A Project of the Center for Advanced Study in the Visual Arts, National Gallery of Art
History of Early American Landscape Design

Green

[http://www.nga.gov/content/ngaweb/research/casva/research-projects.html A Project of the National Gallery of Art, Center for Advanced Study in the Visual Arts ]

See also: Bowling green, Common, Lawn, Plot, Square

History

Fig. 1, Anonymous, Plan de la ville et environs de Williamsburg en Virginie, America [detail], 1782. The tree-lined green runs north to south, right of center.

The term green in American landscape design was used to describe two types of landscape features. The first was level plats or lawns, often the setting for garden buildings such as the summerhouse described in 1762 at Belmont, Judge William Peters's estate near Philadelphia, Pennsylvania, or other garden features, such as the basin at Crowfield, William Middleton’s plantation near Charleston, South Carolina, reported by Eliza Lucas Pinckney in 1743. These lawns sometimes had utilitarian functions, as with the “bleaching green” that Walter Elder described in 1849 for whitening laundry in the sunshine (view text). The usage of the term to describe a level lawn may have been related to “greensward” (used rarely but synonymously with lawn) or bowling green, although these connections are not articulated in any of the treatises or descriptions (see Bowling green and Lawn).

Fig. 2, William Russell Birch, Back of the State House, Philadelphia, 1800.

The second and more frequent use of the term referred to open public spaces, generally centrally located in towns or villages and particularly characteristic of New England settlements, such as that described by John Warner Barber (1844) at Taunton, Massachusetts (view text). For a detailed discussion of the variety of New England settlement patterns, and the history of open spaces in town planning, see Common. Like commons and squares, greens were admired for their spaciousness within the close confines of a town, as conveyed by the descriptions of Newcastle, Delaware, in 1727 and New Haven, Connecticut, in 1750. Town greens also provided open space for communal gatherings such as military exercises, markets, or special ceremonial occasions such as the Cherokee dance performance on the green of the Governor’s Palace in Williamsburg, Virginia [Fig. 1], or the Marquis de Lafayette’s procession in Newark, New Jersey, in 1824. Greens set the stage for the kind of social promenading and recreation depicted in William Russell Birch's illustration of the State House Yard in Philadelphia [Fig. 2]. In addition to serving multiple purposes as a communal space, the green was often a setting for prominent public buildings: meetinghouses, watch houses, and government buildings. Greens were also used for the purpose of burying grounds, as at New Haven, and Chambersburg, Pennsylvania. These public greens were landscaped with grass, walkways or paths, and shade trees, often planted around the perimeter or alongside the walks. The level of ornamentation ranged from the simple tree plantings, as depicted in Barber’s view of Newark [Fig. 3], to more elaborate plantings, such as the rows of elms and poplars and gravel walks described by William Dickinson Martin in 1809 in Philadelphia (view text). Chronologically, these designs register an increasing use of ornamentation, particularly in New England in the second quarter of the 19th century, reflecting the prosperity and development of the village commercial centers.

Fig. 3, John Warner Barber, “The Lower Green, or Military Common, Newark, N.J.,” in Historical Collections of the State of New Jersey (1844), pl. opp. 176.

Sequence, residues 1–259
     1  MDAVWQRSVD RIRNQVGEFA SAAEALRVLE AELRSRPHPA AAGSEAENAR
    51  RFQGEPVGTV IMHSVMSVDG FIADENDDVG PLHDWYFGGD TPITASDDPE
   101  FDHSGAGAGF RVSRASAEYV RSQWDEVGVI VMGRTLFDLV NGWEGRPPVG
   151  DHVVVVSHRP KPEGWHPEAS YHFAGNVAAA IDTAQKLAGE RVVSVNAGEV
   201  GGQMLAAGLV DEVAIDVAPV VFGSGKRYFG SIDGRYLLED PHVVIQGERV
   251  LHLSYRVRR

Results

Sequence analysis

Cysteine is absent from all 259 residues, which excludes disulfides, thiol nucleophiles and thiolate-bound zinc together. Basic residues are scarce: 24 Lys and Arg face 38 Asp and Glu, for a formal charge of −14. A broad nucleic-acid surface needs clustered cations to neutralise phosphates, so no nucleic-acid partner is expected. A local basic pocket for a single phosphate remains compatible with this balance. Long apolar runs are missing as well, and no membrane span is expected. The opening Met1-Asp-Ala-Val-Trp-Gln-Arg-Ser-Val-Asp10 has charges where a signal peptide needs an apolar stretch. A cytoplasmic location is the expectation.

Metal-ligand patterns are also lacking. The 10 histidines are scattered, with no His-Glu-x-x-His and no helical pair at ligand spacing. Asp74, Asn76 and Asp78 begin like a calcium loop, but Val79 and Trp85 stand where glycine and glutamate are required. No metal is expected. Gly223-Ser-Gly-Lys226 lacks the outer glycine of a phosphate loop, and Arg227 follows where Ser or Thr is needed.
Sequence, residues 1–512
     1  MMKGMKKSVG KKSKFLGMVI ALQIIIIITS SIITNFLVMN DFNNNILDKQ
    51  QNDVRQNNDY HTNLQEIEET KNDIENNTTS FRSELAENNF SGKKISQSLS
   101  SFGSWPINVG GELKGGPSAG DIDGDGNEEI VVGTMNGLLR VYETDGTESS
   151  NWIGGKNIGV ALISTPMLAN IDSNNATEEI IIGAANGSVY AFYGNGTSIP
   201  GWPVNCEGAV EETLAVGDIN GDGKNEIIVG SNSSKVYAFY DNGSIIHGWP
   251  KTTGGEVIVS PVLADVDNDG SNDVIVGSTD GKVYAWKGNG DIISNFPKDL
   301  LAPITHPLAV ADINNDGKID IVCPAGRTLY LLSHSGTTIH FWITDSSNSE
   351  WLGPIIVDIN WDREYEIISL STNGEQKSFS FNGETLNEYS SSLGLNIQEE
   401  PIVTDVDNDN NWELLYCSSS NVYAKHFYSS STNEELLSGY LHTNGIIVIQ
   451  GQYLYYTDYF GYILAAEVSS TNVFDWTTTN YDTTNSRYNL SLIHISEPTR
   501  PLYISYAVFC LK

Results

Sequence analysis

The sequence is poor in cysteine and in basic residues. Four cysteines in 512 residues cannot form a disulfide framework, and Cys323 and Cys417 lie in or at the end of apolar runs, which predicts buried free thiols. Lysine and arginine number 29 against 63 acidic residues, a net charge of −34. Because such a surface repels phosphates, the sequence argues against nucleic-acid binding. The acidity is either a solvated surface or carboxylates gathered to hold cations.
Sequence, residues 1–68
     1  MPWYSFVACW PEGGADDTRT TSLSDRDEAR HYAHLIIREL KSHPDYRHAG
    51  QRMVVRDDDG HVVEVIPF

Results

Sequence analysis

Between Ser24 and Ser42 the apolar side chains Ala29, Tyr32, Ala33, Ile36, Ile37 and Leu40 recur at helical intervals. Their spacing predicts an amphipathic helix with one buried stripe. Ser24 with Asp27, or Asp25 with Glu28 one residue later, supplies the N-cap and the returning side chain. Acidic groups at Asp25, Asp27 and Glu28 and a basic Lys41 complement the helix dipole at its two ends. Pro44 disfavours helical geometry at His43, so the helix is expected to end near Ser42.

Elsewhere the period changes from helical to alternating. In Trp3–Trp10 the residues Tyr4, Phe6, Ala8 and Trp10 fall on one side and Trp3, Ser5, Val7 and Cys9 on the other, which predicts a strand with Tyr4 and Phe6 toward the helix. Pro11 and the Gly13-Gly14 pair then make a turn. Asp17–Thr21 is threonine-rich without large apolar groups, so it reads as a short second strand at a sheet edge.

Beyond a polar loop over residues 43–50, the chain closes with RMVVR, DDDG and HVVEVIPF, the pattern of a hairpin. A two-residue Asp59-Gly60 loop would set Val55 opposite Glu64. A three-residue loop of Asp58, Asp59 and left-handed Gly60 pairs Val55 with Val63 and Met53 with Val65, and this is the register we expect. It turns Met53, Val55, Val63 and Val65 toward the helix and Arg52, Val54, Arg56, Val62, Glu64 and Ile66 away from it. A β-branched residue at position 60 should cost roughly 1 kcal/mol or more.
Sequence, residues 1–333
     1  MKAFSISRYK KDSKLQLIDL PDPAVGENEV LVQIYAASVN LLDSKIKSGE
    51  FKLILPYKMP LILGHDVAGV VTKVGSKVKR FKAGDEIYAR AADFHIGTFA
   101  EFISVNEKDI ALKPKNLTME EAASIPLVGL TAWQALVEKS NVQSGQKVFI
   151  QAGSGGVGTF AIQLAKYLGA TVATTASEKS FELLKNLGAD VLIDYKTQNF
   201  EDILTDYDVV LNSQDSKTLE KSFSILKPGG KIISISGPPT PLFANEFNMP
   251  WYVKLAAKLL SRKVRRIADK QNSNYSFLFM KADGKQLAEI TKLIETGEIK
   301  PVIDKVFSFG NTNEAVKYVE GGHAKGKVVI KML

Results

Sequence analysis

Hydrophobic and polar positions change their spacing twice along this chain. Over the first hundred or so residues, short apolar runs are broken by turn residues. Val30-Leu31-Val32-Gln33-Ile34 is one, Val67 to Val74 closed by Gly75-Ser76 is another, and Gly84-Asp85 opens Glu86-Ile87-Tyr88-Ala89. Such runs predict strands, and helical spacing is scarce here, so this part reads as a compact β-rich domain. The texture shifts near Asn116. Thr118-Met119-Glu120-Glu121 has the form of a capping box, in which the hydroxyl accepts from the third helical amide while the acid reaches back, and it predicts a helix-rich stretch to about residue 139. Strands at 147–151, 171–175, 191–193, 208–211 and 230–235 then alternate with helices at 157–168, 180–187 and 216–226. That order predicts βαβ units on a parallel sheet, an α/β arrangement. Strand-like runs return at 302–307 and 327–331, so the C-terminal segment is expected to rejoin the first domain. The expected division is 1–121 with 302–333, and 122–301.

Fig. 4, James Wadsworth, Plan of the City of New Haven, 1748.

New Haven Green, one of the best-known and documented examples of this feature in the United States, provides an interesting case study of communal space in the history of American landscape design.[1] The nine-square plan was laid out in 1638 by London merchant Theophilus Eaton.[2] As the 1748 plan [Fig. 4] indicates, the outer squares were divided into lots. The central square, however, was kept intact and used for a variety of purposes and public buildings at different points in time. In 1639, it was the scene of a public display of the decapitated head of a Native American accused of murdering English settlers,[3] and in 1645 it was the gathering place for the Artillery Company. Between 1638 and 1665 it was the location of the watch house, the prison house, and a schoolhouse. A meetinghouse was authorized on the site in 1639, one of a series whose successor may be seen on the 1748 map. The various civic uses of the central space are reflected in its numerous early appellations. The first reference to the space as a “markett place” occurred in 1639, but it was not until 1759 that the term “green” first appeared in print in an advertisement in the Connecticut Gazette. These two designations were used interchangeably until 1784 when the officials of the newly incorporated city began to use the more cosmopolitan sounding “Public Square” and “Great Square.” According to recent scholarship, the term “green” continued to be used popularly in New Haven, but it was not until after the Civil War that the “New Haven Green” became the clear title of the city’s central space.

Elizabeth Kryder-Reid


Texts

Usage

  • Ross, George, March 1, 1727, describing Newcastle, DE (Colonial Williamsburg Foundation)
“In the middle of the Town lies a spacious green in form of a square, in a corner whereof stood formerly a Fort &c.”


“. . . as you draw nearer [the house] new beauties discover themselves. . . a spacious bason in the midst of a large green presents itself as you enter the gate that leads to the house.”


Fig. 5, John Trumbull, Master Plan for Yale College, 1792.
  • Birket, James, October 9, 1750, describing Yale College, New Haven, CT (1916: 36)[5]
“YALE COLLEDGE [sic]. . . A new one [structure] of Brick which Seems to be About 3 foot Above the Ground & And will front towards a large Spacious green in the Middle of the town.” [Fig. 5]